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    Diet and exercise can be part of getting better, but that's between the person and their doctor. In fact, please just never give anyone unsolicited working out or diet advice, mental illness or not. 

    6. Especially coupled with things like "it worked for my cousin" or something.

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    All people are different!

    7. Asking for you to diagnose them (or worse, a friend or family member).

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    If you're well meaning and the person is stable and a close friend, it's probably OK to say, "Hey, I think I might be depressed; do these sound like your symptoms?" But just because someone has a mental illness doesn't mean they're a doctor, and both of you are better off if you leave that kind of stuff to professionals.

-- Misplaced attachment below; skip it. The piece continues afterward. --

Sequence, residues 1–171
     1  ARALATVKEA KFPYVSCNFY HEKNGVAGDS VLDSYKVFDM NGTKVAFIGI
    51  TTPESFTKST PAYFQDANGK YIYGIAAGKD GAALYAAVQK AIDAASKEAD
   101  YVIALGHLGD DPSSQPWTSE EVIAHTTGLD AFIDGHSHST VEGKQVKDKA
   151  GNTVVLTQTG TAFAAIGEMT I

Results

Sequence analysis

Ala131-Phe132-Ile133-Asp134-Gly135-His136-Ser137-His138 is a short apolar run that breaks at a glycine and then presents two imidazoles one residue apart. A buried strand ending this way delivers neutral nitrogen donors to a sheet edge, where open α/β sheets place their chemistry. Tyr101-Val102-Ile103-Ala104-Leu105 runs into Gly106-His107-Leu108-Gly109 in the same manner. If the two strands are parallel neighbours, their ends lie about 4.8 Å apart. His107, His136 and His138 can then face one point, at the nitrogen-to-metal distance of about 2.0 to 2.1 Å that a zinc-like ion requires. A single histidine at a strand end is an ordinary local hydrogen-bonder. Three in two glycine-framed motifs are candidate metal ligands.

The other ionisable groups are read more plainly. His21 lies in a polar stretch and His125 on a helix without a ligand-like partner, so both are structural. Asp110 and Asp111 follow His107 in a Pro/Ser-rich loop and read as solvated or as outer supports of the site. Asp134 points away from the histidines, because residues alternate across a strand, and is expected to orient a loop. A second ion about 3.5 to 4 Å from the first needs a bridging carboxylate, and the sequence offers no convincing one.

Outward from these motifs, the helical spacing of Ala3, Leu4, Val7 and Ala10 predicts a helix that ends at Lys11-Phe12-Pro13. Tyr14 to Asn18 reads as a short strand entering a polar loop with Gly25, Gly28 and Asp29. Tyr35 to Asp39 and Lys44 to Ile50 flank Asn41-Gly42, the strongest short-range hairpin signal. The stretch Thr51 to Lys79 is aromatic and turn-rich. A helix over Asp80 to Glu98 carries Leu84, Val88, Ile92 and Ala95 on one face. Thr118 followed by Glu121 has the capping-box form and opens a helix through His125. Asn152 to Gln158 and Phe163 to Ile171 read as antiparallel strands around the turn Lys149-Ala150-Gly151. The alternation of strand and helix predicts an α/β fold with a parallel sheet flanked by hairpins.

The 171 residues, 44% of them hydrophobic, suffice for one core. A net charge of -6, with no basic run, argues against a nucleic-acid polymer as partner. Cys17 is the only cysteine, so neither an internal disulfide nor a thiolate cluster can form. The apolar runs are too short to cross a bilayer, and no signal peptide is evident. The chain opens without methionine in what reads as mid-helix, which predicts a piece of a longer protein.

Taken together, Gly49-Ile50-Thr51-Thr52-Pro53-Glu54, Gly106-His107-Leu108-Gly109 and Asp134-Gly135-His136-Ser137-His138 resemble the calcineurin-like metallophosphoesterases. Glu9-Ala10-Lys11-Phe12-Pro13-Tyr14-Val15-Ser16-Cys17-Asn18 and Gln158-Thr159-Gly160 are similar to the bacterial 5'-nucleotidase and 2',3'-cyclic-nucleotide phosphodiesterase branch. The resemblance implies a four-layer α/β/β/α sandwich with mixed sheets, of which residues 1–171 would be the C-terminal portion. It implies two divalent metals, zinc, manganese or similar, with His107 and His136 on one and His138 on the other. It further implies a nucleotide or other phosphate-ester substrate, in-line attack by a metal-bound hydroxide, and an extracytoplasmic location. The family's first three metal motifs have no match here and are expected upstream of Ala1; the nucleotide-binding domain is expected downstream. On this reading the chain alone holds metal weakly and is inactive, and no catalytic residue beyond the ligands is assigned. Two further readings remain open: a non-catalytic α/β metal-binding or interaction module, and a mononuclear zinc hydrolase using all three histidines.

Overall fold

"When you tell people you're in therapy
    Mr.cole_photographer / Getty Images

    8. "Why are you in therapy?"

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    First of all, I think most people could benefit from going to therapy. You definitely do not need to have a mental illness to go! And even if you do...well, that's really no one's business unless you want to share it. 

    9. And its twin: "If you're doing better, why are you still in therapy?"

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    You do not need to actively be in a crisis to be in therapy. It's great for maintaining coping mechanisms and just as a non-judgmental place to talk through things.

    10. "Do you talk about me?"